Bacterial Vaginosis

  • Medical Author:
    Melissa Conrad Stöppler, MD

    Melissa Conrad Stöppler, MD, is a U.S. board-certified Anatomic Pathologist with subspecialty training in the fields of Experimental and Molecular Pathology. Dr. Stöppler's educational background includes a BA with Highest Distinction from the University of Virginia and an MD from the University of North Carolina. She completed residency training in Anatomic Pathology at Georgetown University followed by subspecialty fellowship training in molecular diagnostics and experimental pathology.

  • Medical Editor: William C. Shiel Jr., MD, FACP, FACR
    William C. Shiel Jr., MD, FACP, FACR

    William C. Shiel Jr., MD, FACP, FACR

    Dr. Shiel received a Bachelor of Science degree with honors from the University of Notre Dame. There he was involved in research in radiation biology and received the Huisking Scholarship. After graduating from St. Louis University School of Medicine, he completed his Internal Medicine residency and Rheumatology fellowship at the University of California, Irvine. He is board-certified in Internal Medicine and Rheumatology.

What is bacterial vaginosis (BV)?

Bacterial vaginosis (BV) also is referred to as nonspecific vaginitis, is a vaginal condition that can produce vaginal discharge and results from an overgrowth of certain kinds of bacteria in the vagina. In the past, the condition was called Gardnerella vaginitis, after the bacteria that were thought to cause the condition. However, the newer name, bacterial vaginosis, reflects the fact that there are a number of species of bacteria that naturally live in the vaginal area and may grow to excess, rather than a true infection with foreign bacteria, such as occurs with many sexually-transmitted disease (STDs). The Gardnerella organism is not the sole type of bacteria causing the symptoms. Other kinds of bacteria that can be involved in bacterial vaginosis are Lactobacillus, Bacteroides, Peptostreptococcus, Fusobacterium, Eubacterium, as well as a number of other types. When these multiple species of bacteria that normally reside in the vagina become unbalanced, a woman can have a vaginal discharge with a foul odor. Continue Reading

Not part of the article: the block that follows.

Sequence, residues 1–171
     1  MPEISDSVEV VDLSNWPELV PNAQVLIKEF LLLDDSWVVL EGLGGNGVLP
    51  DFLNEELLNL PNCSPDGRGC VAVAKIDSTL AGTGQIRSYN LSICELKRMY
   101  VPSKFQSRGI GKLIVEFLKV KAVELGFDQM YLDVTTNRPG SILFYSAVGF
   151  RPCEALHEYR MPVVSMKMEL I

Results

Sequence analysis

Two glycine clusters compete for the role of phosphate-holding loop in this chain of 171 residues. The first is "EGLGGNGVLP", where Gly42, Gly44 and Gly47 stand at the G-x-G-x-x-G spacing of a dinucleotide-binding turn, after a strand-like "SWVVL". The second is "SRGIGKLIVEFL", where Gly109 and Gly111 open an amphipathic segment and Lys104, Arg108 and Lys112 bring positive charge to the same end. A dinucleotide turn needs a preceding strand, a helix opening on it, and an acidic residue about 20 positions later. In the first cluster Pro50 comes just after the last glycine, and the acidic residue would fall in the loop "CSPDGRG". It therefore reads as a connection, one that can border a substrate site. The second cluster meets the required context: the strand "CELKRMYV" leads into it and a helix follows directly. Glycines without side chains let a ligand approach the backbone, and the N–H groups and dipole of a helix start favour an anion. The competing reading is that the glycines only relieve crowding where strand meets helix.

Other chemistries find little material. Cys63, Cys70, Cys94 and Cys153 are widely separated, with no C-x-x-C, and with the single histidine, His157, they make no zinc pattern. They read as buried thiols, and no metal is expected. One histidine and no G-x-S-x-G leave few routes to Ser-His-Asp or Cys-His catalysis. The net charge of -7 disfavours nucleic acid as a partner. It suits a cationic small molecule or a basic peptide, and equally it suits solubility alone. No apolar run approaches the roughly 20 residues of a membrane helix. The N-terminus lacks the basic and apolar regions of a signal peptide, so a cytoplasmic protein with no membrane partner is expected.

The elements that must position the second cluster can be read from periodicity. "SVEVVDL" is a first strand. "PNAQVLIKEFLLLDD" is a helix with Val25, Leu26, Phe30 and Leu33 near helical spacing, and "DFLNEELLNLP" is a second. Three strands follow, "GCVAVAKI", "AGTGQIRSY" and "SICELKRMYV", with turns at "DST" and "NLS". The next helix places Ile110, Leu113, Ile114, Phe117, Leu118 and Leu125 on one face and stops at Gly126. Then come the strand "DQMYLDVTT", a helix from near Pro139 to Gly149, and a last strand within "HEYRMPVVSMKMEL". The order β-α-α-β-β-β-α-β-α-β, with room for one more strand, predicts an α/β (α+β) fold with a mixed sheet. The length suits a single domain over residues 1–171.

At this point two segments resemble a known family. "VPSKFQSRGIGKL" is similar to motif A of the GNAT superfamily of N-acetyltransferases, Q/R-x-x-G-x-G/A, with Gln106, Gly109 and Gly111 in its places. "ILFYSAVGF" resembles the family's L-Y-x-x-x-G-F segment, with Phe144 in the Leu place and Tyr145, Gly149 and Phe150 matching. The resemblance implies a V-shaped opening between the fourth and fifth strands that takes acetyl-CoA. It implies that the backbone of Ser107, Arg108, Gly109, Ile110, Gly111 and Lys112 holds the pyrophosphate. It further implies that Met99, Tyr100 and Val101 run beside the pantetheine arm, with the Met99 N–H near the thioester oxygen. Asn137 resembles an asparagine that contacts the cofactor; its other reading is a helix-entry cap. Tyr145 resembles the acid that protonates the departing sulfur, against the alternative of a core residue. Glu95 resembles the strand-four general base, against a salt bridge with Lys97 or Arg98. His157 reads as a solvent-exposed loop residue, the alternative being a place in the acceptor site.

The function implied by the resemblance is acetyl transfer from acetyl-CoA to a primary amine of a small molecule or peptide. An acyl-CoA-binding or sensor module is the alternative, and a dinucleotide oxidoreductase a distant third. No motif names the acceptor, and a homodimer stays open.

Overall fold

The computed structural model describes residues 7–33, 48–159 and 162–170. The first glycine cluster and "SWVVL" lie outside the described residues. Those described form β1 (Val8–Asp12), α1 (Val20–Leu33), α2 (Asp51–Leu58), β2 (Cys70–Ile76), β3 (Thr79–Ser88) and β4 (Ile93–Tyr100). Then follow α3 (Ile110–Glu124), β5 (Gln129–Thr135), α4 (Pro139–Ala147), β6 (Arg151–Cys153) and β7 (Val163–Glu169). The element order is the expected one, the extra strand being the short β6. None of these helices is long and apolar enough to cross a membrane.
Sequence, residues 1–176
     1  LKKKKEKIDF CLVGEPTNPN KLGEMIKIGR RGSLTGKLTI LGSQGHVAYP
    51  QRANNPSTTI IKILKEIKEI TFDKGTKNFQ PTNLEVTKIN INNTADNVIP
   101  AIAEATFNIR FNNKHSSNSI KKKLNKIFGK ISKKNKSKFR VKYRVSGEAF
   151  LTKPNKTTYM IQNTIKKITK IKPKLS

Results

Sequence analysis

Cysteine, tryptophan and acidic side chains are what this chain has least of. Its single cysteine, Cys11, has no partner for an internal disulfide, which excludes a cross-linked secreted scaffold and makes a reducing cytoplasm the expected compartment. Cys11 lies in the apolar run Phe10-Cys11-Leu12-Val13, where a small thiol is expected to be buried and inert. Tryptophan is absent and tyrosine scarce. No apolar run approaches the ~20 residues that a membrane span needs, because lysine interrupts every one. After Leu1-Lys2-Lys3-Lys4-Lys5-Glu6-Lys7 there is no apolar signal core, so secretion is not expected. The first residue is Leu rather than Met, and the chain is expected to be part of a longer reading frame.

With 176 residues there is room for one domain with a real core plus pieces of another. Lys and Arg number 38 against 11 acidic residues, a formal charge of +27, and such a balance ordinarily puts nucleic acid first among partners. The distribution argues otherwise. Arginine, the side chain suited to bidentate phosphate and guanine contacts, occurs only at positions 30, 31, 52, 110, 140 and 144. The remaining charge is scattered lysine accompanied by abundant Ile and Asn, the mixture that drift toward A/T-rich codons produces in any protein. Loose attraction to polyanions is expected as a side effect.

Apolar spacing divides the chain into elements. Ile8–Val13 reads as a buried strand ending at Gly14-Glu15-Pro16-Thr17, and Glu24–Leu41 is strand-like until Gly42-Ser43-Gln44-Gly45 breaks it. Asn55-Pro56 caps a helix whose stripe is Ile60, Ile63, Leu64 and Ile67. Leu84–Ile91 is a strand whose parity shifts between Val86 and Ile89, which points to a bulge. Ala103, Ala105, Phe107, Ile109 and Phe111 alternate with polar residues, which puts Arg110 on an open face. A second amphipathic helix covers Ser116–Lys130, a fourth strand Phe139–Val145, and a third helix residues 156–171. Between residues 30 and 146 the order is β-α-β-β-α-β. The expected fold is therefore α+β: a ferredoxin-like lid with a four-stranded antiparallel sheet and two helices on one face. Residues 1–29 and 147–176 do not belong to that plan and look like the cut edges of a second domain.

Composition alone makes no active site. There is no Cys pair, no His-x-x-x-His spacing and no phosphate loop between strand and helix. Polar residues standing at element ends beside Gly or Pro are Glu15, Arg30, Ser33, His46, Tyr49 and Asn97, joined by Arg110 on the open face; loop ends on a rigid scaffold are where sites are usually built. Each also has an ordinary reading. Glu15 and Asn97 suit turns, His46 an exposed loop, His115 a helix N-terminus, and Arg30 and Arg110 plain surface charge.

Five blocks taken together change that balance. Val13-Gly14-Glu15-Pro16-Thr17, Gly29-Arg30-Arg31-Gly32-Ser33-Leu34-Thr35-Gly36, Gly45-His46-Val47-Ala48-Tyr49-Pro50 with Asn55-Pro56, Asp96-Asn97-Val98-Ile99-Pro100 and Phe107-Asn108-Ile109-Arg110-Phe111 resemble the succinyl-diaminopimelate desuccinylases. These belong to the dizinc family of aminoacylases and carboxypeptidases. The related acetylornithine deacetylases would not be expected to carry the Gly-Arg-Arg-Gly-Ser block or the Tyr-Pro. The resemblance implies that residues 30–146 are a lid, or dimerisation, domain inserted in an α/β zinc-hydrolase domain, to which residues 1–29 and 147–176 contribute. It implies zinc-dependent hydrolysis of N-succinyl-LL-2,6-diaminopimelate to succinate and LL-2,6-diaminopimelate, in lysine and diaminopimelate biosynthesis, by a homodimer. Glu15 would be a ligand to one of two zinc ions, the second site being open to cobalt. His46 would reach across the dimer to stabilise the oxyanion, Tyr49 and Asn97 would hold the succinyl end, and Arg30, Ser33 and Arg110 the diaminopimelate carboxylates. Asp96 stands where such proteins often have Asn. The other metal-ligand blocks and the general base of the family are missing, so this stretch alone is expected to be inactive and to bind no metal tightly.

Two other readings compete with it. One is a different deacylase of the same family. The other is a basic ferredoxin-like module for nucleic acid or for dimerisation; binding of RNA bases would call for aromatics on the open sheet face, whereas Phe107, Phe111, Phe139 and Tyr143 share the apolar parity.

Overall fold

Reviewed on 4/22/2016
References
REFERENCES:

Centers for Disease Control and Prevention. "Bacterial Vaginosis."
<http://www.cdc.gov/std/bv/>

Gired, P. H., MD. "Bacterial Vaginosis." Medscape. Mar 27, 2015.
<http://emedicine.medscape.com/article/254342-overview>

Gor, H. B., MD. "Vaginitis." Medscape. Nov 03, 2015.
<http://emedicine.medscape.com/article/257141-overview>

Gired, P.H., MD. "Bacterial vaginosis." Medscape. Updated Nov 15, 2015
<http://emedicine.medscape.com/article/254342-overview>

WomensHealth.gov. "Bacterial Vaginosis." Nov 19, 2014.
<http://www.womenshealth.gov/publications/our-publications/fact-sheet/bacterial-vaginosis.html>

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